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“Bite-Size Bits of Local, National, and Global History”
Perrysburg in Wood County, Ohio — The American Midwest (Great Lakes)
 

to Fort Stephenson / to Fort Meigs

Ohio's Revolutionary Memorial Trail

 

—Harrison's March 1813 —

 
to Fort Stephenson / to Fort Meigs Marker image. Click for full size.
1. to Fort Stephenson / to Fort Meigs Marker
Inscription.
Ohio's
Revolutionary
Memorial
Trail

Text on East Side :

Harrison's March - 1813
- - - - -
½
Mile to
Fort
Meigs

Text on West Side :

Harrison's March - 1813
- - - - -
34
Miles to
Fort
Stephenson

 
Erected 1930 by Ohio Revolutionary Memorial Commission. (Marker Number A124.)
 
Marker series. This marker is included in the Ohio Revolutionary Memorial Commission marker series.
 
Location. Marker is missing. It was located near 41° 33.366′ N, 83° 38.489′ W. Marker was in Perrysburg, Ohio, in Wood County. Marker was at the intersection of West Front Street (Ohio Route 65) and West Boundary Street (Ohio Route 25), on the right when traveling west on West Front Street. Touch for map. Nothing remains of this marker, but originally it would have been situated along the extreme western end of the Ohio Revolutionary Memorial Trail System route that connected Fort Meigs to Fremont. This marker was intended to inform travelers on this particular Ohio Revolutionary Memorial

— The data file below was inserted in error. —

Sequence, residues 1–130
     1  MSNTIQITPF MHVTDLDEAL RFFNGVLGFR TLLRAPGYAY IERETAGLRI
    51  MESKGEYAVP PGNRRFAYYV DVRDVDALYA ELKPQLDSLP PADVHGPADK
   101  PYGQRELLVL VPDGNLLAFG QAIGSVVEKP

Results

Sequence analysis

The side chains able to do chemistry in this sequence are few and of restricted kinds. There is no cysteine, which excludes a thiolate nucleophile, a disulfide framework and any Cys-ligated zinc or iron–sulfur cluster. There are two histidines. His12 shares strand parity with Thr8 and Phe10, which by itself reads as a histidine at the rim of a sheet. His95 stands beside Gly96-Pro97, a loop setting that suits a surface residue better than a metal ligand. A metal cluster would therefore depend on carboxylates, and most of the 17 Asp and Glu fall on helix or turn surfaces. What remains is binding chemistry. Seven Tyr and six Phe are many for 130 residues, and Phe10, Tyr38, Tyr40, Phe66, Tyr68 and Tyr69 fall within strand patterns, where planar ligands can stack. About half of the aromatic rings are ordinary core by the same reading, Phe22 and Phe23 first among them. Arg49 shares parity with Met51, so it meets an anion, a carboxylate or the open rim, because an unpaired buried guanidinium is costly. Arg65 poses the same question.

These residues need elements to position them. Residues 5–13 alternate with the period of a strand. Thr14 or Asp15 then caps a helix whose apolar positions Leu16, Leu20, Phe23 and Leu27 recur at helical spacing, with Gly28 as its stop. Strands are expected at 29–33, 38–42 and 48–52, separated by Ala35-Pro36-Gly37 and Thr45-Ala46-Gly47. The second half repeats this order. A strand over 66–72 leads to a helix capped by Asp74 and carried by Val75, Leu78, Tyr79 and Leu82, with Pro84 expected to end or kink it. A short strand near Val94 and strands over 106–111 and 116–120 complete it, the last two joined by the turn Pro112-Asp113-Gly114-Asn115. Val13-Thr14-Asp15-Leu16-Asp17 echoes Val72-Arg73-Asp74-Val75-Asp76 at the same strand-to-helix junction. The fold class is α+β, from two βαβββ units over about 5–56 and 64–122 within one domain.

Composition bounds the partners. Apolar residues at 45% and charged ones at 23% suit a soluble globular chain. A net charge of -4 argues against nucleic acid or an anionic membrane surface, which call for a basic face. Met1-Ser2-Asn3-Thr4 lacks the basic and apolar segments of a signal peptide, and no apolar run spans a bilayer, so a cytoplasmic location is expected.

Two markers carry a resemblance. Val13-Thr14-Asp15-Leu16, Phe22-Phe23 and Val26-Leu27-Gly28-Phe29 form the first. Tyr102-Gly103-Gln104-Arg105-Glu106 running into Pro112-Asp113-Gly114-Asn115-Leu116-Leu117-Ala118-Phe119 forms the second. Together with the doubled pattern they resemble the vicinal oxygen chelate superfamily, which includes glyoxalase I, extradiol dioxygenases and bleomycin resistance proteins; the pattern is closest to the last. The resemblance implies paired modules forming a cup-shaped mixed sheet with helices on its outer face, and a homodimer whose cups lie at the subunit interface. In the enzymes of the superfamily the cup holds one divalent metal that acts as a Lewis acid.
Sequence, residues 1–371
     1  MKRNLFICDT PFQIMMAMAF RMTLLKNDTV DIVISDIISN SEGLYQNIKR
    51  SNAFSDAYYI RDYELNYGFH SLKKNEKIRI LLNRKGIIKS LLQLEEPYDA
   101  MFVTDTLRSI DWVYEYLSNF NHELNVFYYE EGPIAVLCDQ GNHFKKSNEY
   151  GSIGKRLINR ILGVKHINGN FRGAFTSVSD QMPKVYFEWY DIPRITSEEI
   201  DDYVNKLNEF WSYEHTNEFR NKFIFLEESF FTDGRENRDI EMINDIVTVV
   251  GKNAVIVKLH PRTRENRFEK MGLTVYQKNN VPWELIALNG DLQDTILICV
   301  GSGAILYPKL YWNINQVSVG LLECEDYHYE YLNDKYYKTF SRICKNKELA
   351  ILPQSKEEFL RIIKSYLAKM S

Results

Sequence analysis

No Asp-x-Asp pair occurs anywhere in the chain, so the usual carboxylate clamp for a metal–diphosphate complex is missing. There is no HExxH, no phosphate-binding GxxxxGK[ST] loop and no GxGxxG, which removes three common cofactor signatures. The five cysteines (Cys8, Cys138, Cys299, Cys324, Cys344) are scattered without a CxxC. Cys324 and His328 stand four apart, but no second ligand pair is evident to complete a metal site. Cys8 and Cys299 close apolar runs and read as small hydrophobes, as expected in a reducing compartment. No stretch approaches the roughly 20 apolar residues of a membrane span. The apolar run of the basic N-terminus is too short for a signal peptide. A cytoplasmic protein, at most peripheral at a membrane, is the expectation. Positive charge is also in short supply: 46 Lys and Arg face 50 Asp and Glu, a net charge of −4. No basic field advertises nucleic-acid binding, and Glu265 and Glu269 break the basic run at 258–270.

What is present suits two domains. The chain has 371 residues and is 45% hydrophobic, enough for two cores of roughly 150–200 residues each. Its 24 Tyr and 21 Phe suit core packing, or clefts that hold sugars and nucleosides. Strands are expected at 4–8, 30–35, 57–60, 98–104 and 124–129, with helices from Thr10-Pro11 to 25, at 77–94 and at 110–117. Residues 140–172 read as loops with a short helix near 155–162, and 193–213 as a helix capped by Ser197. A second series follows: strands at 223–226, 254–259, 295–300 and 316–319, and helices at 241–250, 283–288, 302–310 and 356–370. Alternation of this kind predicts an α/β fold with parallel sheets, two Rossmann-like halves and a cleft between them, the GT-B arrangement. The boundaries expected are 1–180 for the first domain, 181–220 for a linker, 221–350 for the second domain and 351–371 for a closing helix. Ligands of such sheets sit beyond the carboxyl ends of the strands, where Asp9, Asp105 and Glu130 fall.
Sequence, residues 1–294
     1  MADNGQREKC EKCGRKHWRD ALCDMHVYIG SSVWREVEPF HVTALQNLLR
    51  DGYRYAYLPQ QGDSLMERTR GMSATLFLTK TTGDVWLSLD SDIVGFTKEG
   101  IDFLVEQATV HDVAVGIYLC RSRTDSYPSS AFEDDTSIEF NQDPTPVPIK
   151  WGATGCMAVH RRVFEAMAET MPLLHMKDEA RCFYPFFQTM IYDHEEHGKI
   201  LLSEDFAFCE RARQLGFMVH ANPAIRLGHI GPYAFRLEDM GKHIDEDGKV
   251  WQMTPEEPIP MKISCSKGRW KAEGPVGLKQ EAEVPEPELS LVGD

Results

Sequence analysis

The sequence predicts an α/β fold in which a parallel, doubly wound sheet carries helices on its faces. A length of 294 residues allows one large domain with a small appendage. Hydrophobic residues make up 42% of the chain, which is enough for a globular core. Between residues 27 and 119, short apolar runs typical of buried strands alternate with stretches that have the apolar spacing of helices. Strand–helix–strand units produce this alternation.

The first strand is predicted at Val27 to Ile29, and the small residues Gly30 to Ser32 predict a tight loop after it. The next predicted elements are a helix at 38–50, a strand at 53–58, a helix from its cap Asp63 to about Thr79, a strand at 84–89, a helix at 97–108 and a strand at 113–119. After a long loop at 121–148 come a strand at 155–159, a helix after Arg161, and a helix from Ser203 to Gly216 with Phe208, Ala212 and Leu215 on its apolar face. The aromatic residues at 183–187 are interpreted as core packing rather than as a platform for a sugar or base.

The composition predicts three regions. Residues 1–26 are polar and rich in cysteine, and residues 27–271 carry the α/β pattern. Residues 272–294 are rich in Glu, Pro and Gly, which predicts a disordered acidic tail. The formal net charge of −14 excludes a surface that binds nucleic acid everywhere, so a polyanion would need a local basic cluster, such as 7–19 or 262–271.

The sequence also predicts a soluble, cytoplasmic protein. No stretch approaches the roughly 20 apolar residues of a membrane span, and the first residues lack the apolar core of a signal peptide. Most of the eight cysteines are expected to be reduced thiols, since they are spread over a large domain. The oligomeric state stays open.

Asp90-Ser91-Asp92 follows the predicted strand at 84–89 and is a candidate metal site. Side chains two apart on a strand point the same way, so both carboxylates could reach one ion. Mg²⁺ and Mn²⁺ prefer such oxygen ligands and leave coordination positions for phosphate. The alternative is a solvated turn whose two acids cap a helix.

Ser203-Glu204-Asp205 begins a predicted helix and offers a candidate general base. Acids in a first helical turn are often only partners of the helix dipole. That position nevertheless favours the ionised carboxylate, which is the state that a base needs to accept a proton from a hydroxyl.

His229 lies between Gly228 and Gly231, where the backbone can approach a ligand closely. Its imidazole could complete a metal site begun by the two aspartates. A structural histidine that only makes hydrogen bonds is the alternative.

to Fort Stephenson / to Fort Meigs Marker image. Click for full size.
By Dale K. Benington, April 27, 2016
2. to Fort Stephenson / to Fort Meigs Marker
View of the street corner where the missing marker was most probably located, looking north, in the direction of the Maumee River. The marker was probably situated in the area between the crosswalk and the streetlight pole.
Trail that Fort Meigs was located just ½ mile to the west, along West Front Street (along what was old State Route 65, back in 1930). However, using my vehicle’s odometer to measure the ½ mile distance between the site of this marker and the site of Fort Meigs is not an option anymore since the portion of state roadway that drove through the Fort Meigs State Memorial back in 1930, no longer exists. Marker was at or near this postal address: 564 West Front Street, Perrysburg OH 43551, United States of America.
 
Other nearby markers. At least 8 other markers are within walking distance of this location. Fort Meigs Union Cemetery (approx. 0.3 miles away); The Indian Wars (approx. half a mile away); Old Wood County Jail (approx. half a mile away); House of Four Pillars (approx. 0.6 miles away); Fort Meigs (approx. 0.6 miles away); General William Henry Harrison (approx. 0.6 miles away); Major Amos Stoddard (approx. 0.6 miles away); First Presbyterian Church (approx. 0.6 miles away). Touch for a list and map of all markers in Perrysburg.